BELLOWS FALLS — Giving teachers a cash incentive to retire early no longer makes sense, said Rockingham School Board member James “Jiggs” McAuliffe.
McAuliffe told fellow Rockingham board members Monday night that the incentive should be dropped if at all possible. The school district has trouble attracting enough qualified teachers now, he said, and giving any teachers incentive to leave is only hurting the school district.
The board was discussing long-range budget matters Monday night, and Rockingham board Chairwoman Priscilla Lambert questioned her fellow board members about whether they wanted to level-fund the budget, cut it, or plan for an increase.
McAuliffe pointed out that the board had earlier in the year signed new labor contracts with both the teachers and the para-professionals, which would make an increase likely.
But as for the incentive, McAuliffe acknowledged that since it was part of the contract language, no change was in the offing.
“We’re stuck,” McAuliffe said, saying it was “ridiculous” that the incentive language was included in the new bargaining agreement. Previously, the agreement said the board “could offer” a retirement incentive.
The retirement incentive with specific language is now written into the collective bargaining agreement, which McAuliffe said was a mistake because it reduces the board’s flexibility.
The discussion started on the timing of when teachers needed to file a notice of retirement, so that the extra money could be included in the budget.
The current incentive is $7,500, while when the incentive was first adopted, it was $2,000.
Only teachers who are at least 50 years old and have 20 years experience in the district are eligible for the payout. And teachers must give relatively early notice during the school year that they plan on retiring at the end of that year.
That timing requirement has created some problems for the school district in the past, as a teacher decided past the deadline she wanted to retire and wanted the incentive nonetheless.
Rockingham School Director Christopher Kibbe, who is the retired Windham Northeast superintendent, said that he had required an “irrevocable” letter of retirement, which held the teacher to that decision.
But Lambert said teachers who change their minds could come and discuss their situation one-on-one with the board.
Kibbe and McAuliffe said that defeated the intent of the early retirement notice.
Lambert said after the meeting that she wasn’t on the board when the incentive was increased from $2,000 to $7,500, but she said the reason behind the incentive was to allow the school district to plan ahead and start advertising early to fill those positions.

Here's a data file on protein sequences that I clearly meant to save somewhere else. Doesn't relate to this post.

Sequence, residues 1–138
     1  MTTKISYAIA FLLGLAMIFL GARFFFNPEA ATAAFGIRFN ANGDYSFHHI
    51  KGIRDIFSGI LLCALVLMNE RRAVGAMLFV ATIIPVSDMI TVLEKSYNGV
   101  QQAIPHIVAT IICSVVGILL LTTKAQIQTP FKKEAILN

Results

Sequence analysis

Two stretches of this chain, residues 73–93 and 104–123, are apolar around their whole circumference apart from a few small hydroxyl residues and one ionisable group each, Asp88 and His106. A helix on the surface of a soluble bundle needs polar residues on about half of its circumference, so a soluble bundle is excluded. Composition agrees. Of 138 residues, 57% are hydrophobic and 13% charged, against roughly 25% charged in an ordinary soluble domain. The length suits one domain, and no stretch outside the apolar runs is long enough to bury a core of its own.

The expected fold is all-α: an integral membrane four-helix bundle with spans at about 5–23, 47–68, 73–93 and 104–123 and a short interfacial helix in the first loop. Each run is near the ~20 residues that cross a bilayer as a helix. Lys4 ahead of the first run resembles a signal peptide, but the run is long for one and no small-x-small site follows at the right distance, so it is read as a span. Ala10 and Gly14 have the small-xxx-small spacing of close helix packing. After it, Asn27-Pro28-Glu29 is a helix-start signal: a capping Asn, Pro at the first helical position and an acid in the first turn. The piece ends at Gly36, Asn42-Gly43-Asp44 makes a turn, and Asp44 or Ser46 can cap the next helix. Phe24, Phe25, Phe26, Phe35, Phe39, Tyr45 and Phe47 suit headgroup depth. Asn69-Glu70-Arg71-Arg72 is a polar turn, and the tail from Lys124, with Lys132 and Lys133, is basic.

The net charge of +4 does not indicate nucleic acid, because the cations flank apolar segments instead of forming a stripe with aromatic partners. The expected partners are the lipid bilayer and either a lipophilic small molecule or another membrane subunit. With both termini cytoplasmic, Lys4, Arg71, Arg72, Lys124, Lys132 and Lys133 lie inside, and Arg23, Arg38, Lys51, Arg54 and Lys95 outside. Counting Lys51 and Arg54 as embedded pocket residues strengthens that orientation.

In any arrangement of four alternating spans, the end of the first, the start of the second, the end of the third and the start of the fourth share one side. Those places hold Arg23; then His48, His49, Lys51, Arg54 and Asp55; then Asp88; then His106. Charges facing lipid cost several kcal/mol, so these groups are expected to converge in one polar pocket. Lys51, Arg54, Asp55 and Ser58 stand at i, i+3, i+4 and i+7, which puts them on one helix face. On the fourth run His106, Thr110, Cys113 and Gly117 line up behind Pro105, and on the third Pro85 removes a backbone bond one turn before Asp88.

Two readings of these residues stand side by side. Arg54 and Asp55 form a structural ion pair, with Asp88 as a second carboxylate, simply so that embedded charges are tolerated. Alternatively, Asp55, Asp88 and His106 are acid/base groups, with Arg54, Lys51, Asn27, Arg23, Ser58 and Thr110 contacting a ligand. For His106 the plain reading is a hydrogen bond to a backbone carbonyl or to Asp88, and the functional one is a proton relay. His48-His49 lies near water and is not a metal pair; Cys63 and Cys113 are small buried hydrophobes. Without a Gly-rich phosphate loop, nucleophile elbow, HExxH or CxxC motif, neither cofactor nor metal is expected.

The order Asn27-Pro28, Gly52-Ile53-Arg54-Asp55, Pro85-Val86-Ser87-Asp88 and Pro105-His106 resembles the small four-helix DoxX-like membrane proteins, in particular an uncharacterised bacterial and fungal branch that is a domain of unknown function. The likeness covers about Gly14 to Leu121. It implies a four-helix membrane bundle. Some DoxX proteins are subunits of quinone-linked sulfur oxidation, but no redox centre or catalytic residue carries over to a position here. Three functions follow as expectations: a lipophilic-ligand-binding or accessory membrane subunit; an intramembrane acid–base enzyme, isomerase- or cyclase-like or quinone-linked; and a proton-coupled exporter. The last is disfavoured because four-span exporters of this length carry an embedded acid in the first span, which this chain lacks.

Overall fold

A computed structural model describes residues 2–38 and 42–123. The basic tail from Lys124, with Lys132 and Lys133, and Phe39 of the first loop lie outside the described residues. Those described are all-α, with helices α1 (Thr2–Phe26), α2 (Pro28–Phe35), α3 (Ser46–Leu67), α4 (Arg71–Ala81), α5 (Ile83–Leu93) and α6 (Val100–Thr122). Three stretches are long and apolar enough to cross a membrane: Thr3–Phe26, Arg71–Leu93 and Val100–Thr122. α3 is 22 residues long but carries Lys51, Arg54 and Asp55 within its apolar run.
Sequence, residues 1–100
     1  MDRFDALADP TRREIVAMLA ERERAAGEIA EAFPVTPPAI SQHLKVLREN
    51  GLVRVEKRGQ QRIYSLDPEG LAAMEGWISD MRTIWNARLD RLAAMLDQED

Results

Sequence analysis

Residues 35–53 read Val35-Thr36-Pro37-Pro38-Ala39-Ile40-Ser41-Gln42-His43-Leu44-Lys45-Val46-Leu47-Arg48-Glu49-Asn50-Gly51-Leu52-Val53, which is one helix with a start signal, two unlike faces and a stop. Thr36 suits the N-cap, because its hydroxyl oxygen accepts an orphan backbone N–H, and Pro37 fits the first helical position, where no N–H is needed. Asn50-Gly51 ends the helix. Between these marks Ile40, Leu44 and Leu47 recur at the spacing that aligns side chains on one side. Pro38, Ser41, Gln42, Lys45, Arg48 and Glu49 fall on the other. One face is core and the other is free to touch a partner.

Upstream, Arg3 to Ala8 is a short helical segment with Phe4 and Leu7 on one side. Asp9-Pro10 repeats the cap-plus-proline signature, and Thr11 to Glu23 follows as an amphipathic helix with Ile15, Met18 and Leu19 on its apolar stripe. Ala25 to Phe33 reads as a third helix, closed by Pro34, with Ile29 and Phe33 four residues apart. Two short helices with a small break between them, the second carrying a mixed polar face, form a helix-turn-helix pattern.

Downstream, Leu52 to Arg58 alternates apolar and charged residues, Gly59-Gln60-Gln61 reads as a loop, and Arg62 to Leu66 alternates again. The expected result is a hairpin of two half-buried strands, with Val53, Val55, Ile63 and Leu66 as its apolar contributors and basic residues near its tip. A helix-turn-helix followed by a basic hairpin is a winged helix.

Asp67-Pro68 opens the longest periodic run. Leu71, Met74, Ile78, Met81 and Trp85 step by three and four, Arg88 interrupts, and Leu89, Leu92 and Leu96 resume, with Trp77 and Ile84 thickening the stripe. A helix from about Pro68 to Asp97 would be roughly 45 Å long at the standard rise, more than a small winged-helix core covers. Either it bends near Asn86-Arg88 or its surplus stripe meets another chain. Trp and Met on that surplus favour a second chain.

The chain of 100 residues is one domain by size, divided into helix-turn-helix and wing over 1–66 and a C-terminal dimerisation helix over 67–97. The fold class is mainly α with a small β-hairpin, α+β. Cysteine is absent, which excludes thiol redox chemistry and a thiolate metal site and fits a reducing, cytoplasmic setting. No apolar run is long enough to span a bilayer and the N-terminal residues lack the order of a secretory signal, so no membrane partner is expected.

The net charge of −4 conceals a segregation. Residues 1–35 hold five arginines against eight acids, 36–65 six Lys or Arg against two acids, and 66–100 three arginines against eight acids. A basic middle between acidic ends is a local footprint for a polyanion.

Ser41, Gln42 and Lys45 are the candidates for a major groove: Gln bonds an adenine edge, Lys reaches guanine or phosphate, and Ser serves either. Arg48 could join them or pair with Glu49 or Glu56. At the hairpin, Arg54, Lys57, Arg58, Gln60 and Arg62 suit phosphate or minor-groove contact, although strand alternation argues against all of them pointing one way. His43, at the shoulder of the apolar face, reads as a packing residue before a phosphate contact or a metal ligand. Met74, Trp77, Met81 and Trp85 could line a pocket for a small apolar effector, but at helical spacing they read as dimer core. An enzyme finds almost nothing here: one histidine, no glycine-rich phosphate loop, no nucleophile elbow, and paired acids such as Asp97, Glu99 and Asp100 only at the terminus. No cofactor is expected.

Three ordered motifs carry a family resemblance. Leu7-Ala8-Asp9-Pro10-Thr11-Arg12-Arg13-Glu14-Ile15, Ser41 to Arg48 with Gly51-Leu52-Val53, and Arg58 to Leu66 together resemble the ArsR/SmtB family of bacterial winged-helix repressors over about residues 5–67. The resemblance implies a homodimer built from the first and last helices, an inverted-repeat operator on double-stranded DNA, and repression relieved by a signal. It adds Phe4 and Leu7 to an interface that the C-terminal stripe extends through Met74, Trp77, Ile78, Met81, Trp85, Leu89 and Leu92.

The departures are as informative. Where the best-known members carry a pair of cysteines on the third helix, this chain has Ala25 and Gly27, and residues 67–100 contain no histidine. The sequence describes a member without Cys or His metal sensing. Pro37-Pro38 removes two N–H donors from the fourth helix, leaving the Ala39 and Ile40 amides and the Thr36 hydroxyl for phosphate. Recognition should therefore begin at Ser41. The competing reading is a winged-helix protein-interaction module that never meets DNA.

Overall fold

Currently, in order to receive the incentive, teachers must let the school district know by Oct. 1, she said. Previously, teachers had until November or December to notify the district.
And how do you interpret “district,” Superintendent Andrew Haas asked.
Is it just the Rockingham district, or does it include the entire Windham Northeast Supervisory Union? If it is just Rockingham, that would create plenty of accounting headaches, Haas said.
Teachers move around within the supervisory union, he said.
He said after the meeting that he had already been told by three teachers that they plan on retiring at the end of the school year. Last year, about six teachers took advantage of the $7,500 bonus. Only teachers are eligible for the incentive, he said.
The board was working with only three members Monday night, and Kibbe chided Lambert for not putting on the agenda the filling of one vacancy on the board.
Kibbe pointed out that the board members are all on the older side, and if one of them came down sick, the board couldn’t get any work done.
Member Megan Applegate resigned in August, but Lambert had hoped to get her to reconsider, which Kibbe said was a mistake since Applegate was very clear about her intentions in her letter of resignation.
Kibbe said the board had received one letter of interest from a well-qualified candidate, and he urged Lambert to let the board act on it.
Lambert said she couldn’t do that since she had publicly said the board would keep applications open until Oct. 17. Board member Bill Morse wasn’t present for the meeting.